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Information about all aspects of finances affected by a serious health condition. Includes income sources such as work, investments, and private and government disability programs, and expenses such as medical bills, and how to deal with financial problems.
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Medicare requires your doctor or other health care provider to file a claim directly with Medicare.

It's important to keep track of your medical bills to make sure all charges are reviewed and proper payment is made, especially if you have Medicare and another health insurance plan.By keeping track of your Medicare Bills:

  • You will have a fix on how much your out-of-pocket costs are for budgeting and tax deductions purposes.
  • You will save money by making sure you're not being overcharged for services.
  • You will avoid problems with medical creditors, who are often persistent and quick to report late payments to a credit bureau.

If you have continuing access to the internet, Medicare posts claims and their status on offsite link. Even then, mistakes can happen so it is a good idea to keep your own records. Click on "sign up" (you will need your Medicare i.d. number to register.)

If you don't have continuing access to the internet, or want to be smart consumer, you can set up your own, preferably easy-to-use, system. For an example of an easy to use system, click here.  For tips about using the system, click here.

If you'd prefer, ask a friend or family member to help keep track of your medical bills. You can also hire a claims professional. See Claims: Finding Professional Help.

NOTE: If you have Medicare and another health insurance plan, click here.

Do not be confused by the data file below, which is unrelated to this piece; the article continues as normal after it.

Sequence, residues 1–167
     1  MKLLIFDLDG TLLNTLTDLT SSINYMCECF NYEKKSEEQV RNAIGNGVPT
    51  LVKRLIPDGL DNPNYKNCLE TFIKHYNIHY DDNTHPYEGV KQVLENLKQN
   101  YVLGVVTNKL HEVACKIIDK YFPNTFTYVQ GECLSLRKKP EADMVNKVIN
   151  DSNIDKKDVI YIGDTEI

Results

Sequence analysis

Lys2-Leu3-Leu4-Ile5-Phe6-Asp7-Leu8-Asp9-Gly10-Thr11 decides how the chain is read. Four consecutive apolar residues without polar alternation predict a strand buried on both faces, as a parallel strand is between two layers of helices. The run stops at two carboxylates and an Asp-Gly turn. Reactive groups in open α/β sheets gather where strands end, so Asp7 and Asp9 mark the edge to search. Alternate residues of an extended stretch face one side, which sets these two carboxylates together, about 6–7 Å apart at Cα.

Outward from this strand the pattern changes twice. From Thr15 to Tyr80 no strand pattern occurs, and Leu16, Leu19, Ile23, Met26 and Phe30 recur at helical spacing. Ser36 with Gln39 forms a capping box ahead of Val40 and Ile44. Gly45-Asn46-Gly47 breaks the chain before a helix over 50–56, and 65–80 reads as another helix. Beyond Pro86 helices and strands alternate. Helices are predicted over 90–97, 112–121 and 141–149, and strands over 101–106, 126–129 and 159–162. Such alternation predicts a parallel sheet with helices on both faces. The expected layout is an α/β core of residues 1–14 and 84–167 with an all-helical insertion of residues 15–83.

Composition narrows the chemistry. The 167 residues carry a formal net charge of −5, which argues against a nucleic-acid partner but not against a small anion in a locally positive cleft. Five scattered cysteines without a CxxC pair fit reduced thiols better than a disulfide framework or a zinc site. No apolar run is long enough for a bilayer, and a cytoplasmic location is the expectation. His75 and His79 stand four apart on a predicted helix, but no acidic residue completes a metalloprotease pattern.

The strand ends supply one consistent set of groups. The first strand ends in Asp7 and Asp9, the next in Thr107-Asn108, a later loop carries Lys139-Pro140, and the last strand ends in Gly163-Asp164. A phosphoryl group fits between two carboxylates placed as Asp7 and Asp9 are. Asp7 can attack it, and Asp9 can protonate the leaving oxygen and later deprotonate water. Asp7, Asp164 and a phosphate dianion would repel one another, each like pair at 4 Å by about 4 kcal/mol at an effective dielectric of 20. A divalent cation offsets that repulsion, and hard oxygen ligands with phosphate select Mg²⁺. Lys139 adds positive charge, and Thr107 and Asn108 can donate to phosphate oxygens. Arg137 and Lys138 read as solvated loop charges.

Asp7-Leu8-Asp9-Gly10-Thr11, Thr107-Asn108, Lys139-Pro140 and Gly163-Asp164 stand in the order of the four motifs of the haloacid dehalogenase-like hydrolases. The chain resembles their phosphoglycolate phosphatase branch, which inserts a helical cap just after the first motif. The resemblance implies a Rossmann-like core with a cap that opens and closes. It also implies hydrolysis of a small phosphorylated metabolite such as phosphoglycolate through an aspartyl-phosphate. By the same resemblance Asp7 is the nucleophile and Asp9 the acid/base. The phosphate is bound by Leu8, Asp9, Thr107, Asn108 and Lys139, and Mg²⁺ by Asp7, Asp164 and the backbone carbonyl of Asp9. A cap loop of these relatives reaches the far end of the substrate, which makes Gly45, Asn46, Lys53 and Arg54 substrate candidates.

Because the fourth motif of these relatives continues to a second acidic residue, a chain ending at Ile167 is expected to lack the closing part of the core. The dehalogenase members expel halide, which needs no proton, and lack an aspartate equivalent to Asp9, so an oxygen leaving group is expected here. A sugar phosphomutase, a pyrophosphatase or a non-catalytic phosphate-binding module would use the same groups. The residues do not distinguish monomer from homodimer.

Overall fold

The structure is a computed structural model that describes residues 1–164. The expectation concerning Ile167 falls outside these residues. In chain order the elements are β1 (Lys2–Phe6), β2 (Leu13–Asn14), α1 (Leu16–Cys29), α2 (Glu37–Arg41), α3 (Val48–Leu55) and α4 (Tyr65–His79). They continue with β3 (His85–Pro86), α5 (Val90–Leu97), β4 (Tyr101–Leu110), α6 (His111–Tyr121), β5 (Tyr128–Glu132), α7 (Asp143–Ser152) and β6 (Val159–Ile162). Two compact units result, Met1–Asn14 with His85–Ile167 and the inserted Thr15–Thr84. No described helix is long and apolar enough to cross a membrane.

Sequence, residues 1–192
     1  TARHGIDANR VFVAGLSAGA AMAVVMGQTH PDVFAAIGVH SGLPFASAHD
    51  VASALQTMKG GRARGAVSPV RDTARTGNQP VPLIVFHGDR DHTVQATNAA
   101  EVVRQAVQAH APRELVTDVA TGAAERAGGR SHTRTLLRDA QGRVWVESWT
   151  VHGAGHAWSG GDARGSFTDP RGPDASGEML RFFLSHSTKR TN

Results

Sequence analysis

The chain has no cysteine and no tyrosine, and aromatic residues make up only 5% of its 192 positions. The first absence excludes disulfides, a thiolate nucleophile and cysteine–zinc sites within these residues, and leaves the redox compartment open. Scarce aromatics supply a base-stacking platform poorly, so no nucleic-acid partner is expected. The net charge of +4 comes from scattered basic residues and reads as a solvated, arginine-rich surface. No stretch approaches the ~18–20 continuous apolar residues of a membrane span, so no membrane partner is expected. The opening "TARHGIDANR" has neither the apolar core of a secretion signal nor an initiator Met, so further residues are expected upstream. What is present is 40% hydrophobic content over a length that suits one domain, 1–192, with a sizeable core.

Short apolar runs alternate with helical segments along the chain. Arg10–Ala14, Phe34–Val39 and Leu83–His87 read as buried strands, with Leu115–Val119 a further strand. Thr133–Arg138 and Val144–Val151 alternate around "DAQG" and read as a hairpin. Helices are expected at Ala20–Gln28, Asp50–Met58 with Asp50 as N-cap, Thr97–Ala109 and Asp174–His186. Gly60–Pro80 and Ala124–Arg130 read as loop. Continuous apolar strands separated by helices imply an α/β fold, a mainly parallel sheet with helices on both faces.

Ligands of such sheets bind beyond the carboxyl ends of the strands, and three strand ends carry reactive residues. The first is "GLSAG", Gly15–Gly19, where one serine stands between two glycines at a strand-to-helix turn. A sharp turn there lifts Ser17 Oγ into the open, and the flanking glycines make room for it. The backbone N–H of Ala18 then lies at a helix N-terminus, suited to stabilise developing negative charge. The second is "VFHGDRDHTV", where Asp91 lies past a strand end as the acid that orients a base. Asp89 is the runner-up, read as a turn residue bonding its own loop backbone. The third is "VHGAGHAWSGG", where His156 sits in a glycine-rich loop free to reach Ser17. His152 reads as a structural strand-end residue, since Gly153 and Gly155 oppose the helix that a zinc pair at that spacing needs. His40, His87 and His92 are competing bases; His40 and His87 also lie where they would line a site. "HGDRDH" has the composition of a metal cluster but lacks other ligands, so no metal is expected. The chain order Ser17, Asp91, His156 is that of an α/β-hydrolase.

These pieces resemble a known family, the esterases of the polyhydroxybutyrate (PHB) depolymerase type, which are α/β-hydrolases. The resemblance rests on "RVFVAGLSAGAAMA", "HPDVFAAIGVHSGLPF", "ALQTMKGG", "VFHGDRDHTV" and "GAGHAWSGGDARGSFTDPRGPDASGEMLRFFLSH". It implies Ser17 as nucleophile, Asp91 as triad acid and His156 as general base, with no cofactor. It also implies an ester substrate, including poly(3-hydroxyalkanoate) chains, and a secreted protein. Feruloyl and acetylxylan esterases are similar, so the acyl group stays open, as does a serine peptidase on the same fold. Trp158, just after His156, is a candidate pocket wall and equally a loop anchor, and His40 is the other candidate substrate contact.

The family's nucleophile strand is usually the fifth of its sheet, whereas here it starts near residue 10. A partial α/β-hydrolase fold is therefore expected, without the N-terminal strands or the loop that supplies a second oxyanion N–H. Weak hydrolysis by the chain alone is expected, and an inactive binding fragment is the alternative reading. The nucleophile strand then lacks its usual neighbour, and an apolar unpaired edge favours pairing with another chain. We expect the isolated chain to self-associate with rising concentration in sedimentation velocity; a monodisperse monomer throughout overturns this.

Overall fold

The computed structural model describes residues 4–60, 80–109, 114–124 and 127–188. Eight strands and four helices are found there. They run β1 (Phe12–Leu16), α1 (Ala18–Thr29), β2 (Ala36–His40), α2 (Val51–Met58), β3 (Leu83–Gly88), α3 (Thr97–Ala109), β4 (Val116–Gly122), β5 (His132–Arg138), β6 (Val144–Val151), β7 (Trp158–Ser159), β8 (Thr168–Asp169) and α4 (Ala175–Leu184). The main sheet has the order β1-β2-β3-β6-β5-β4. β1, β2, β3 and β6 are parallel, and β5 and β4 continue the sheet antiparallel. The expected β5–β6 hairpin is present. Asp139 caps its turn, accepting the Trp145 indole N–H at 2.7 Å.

How To Use The System

You can use this system step-by-step as follows:

After your visit

  • If your provider will give you a bill at the end of your visit: Review it right away and ask any questions on the spot.
  • If your provider is going to mail you a bill: Note the specifics of the visit in your file, including any lab work or other procedures performed.

When you receive your bill

  • Check it against your notes for accuracy.
  • If your bill is correct: Put it in your "Unpaid Bills" folder.
  • If your bill does not seem correct: Contact your provider's office for an explanation and/or corrected bill. Place the bill into the Questionable Bills folder until you receive a corrected bill. Make sure the provider sends a corrected bill to Medicare. Note this on the bill so you know you'll be receiving two Medicare Summary Notices (MSNs) - one for the incorrect bill and one for the corrected one.

When you receive a Medicare Summary Notice

Place it in your "MSN" folder until you can review it.

Review the Medicare Summary Notices in your MSN folder.

To review a MSN:

  • Find the matching bill in your unpaid bills folder. Use the date of service, provider information, and dollar amounts to make sure you're checking the right bill.
  • Make sure the procedures and amounts billed on the MSN match those on the bill.
  • Check to see that the entire bill was processed. If it wasn't, attach the MSN to the bill and file it in the unpaid bills file until you get an MSN addressing the remainder of the charges.
  • Check to see if Medicare allowed the full charge or not. If not, you might want to contact Medicare.
  • Verify that the annual deductible was only taken once.
  • Verify that the right co-insurance percentage was applied.

If everything in the Medicare Summary Notice is correct

Staple the Medicare Summary Notice to the bill and file it in your Completed Claims folder. If there is a portion remaining for which you are responsible, note that. You don't need to pay this money until the doctor bills you for it, or you arrive at an agreement with the doctor's billing clerk on how much you owe.

If your Medicare Summary Notice is incorrect

Contact Medicare for an explanation. File the bill and Medicare Summary Notice together in the Questionable Medicare Summary Notices folder until you are able to resolve the error(s), and you receive a corrected Medicare Summary Notice..

For help about how to speak with Medicare, see: Talking To Your Insurance Company.

Periodically review your Unpaid Bills file.

Set a rotating alert in your diary to remind you to review your Unpaid Bills file every few weeks.